Movie Trailers Will Get Shorter, But Won’t Become Interactive Anytime Soon

Theater owners are cracking down on too-long trailers — and trying to keep you from looking at your phone

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The National Association of Theater Owners (NATO), which is the trade organization for American cinema operators (and is very different from that other NATO you hear about more frequently), has just released a new set of voluntary guidelines intended to standardize in-theater marketing — things like movie trailers and printed materials — across North America. Their directives will affect movies scheduled to be released starting Oct. 1, 2014; the goal is to improve the “effectiveness and efficiency” of movie marketing.

So what’s about to change? The bullet-list item that’s made the most news so far is that theater owners want trailers capped at two minutes. Only two movies per year from each distributor would be granted exemptions to let them run as long as three minutes. In addition, all advertisements, including trailers, would only be seen in the 150-day period before release (about five months), with a similar two-movie exemption. The new restrictions don’t come as a complete surprise: It was last April that NATO decided to issue guidelines like these, and in May the Hollywood Reporter published a sneak peek, via anonymous sources, at these new guidelines; those early ideas almost exactly match the final report.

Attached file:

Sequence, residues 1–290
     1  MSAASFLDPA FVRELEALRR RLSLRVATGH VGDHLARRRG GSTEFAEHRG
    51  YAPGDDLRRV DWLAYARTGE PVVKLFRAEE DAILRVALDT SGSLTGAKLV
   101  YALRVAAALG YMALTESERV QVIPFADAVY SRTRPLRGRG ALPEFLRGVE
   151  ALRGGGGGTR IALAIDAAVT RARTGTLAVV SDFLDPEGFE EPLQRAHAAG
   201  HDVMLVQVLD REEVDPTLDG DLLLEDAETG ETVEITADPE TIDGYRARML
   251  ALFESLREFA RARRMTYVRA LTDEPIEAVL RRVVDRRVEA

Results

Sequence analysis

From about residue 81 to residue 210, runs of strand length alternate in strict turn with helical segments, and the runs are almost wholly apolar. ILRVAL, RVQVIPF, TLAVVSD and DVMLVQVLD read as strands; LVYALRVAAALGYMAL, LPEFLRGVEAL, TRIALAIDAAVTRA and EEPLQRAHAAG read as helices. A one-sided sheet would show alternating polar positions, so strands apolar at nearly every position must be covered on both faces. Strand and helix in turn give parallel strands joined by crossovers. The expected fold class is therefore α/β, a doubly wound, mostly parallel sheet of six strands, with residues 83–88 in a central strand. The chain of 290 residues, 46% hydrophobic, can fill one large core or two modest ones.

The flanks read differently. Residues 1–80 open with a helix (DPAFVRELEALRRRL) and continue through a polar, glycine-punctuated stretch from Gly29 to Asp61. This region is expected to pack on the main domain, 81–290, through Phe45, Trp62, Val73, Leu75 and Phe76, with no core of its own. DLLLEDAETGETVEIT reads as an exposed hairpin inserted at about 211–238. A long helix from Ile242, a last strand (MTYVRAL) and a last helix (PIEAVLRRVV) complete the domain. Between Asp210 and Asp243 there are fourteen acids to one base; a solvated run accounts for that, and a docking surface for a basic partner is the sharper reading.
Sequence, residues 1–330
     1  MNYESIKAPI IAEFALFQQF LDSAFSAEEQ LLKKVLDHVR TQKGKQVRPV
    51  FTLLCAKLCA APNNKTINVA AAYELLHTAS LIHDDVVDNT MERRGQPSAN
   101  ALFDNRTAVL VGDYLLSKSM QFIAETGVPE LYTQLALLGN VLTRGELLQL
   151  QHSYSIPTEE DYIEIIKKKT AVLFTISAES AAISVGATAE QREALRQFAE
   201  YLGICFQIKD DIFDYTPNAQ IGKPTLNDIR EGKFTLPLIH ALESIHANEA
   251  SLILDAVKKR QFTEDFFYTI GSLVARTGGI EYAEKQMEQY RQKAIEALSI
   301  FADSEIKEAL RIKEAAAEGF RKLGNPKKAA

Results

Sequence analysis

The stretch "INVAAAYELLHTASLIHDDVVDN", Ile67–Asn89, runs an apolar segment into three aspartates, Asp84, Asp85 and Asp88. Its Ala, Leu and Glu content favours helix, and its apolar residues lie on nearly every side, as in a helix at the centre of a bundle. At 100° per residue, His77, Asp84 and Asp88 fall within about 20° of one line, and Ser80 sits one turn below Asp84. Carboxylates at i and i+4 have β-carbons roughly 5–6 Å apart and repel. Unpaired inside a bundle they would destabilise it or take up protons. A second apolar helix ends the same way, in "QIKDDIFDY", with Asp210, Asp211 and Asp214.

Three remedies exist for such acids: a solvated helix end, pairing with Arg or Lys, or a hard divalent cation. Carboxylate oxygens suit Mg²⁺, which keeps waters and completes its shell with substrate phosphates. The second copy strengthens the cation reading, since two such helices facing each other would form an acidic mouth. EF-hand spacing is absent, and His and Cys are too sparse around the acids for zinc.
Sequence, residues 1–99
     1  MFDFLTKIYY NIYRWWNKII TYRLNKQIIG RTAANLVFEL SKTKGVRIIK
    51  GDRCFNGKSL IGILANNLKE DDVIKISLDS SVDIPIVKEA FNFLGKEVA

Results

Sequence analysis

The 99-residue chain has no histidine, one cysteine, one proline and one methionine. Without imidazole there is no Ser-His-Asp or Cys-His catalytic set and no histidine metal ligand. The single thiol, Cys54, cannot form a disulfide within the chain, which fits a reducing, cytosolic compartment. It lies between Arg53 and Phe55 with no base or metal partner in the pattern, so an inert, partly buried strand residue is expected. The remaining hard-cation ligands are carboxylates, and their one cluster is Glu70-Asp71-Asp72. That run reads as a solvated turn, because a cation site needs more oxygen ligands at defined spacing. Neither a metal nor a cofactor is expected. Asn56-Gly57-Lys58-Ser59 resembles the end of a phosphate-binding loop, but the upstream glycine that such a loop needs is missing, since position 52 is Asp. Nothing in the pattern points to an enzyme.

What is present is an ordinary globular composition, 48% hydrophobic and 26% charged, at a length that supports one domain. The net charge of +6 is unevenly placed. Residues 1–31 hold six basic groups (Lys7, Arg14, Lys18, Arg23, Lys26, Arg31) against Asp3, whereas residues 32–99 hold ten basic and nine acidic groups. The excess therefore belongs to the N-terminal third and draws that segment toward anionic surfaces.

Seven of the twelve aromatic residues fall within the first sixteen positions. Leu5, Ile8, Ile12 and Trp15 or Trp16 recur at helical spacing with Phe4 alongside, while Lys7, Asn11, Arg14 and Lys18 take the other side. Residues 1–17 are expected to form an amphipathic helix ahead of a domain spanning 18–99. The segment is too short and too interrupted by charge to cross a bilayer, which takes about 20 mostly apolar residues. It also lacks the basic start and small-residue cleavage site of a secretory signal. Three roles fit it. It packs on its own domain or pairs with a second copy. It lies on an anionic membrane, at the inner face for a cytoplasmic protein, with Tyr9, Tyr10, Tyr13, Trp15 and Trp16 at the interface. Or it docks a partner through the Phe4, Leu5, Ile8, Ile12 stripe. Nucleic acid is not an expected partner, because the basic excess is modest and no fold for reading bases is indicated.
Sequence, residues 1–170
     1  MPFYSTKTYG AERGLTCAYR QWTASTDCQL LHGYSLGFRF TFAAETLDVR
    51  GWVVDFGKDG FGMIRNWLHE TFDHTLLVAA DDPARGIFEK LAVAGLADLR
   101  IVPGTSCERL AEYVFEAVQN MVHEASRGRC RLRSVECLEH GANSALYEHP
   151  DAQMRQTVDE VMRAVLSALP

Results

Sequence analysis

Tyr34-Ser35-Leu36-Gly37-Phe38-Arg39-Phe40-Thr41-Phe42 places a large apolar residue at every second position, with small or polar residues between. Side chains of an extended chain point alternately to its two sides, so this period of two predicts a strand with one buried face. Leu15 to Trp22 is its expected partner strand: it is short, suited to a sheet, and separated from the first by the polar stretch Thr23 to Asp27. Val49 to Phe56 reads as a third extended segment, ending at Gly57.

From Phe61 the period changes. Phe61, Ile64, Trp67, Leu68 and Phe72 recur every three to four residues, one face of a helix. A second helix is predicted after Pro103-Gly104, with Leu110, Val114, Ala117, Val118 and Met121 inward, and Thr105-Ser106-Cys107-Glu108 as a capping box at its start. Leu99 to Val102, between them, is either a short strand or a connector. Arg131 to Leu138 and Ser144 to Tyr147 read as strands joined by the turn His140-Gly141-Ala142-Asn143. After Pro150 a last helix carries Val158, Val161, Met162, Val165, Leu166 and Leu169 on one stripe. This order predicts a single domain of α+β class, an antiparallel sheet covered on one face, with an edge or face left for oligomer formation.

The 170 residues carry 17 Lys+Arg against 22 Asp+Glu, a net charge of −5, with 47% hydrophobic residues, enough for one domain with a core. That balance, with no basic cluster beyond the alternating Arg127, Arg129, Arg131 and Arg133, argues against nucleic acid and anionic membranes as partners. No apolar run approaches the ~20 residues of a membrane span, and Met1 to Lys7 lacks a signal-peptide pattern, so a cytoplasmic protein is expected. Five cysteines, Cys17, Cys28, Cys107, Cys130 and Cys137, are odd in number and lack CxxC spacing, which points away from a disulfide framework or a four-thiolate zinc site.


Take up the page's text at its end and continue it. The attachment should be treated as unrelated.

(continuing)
But one item that wasn’t in the sneak peek — and that has yet to make headlines — indicates that, while their length may be changing, trailers are otherwise destined to remain the same. Under the heading “Trailer Standards,” distributors are given the following instruction:

No direct response prompts (QR codes, text-to, sound recognition, etc.) other than URLS are to be placed in/on the trailer, as they encourage mobile phone use during the show.

In addition, distributors are instructed not to advertise third-party products (such as video games) in trailers for movies. So movie trailers will be just that — movie trailers, not interactive ads for all sorts of stuff — if distributors want them played by participating theaters. As mobile phones become more capable of interacting with other screens, it’s the “etc.” that might make the difference. QR codes in video advertising haven’t really taken off and sound-recognition apps that exist now don’t necessarily require the trailer to prompt viewers to do anything, but the idea that trailers might be able to communicate with potential fans via their phones is far from outlandish.

But — luckily for moviegoers sitting next to people with low cell-phone self-control — we may never find out how that could work within movie theaters, unless NATO decides to update their guidelines at some point. The movie trailer of the future is, apparently, already here.

(MOREDoes Anyone in the U.S. Still Go to Foreign Films? Yes. Indians!)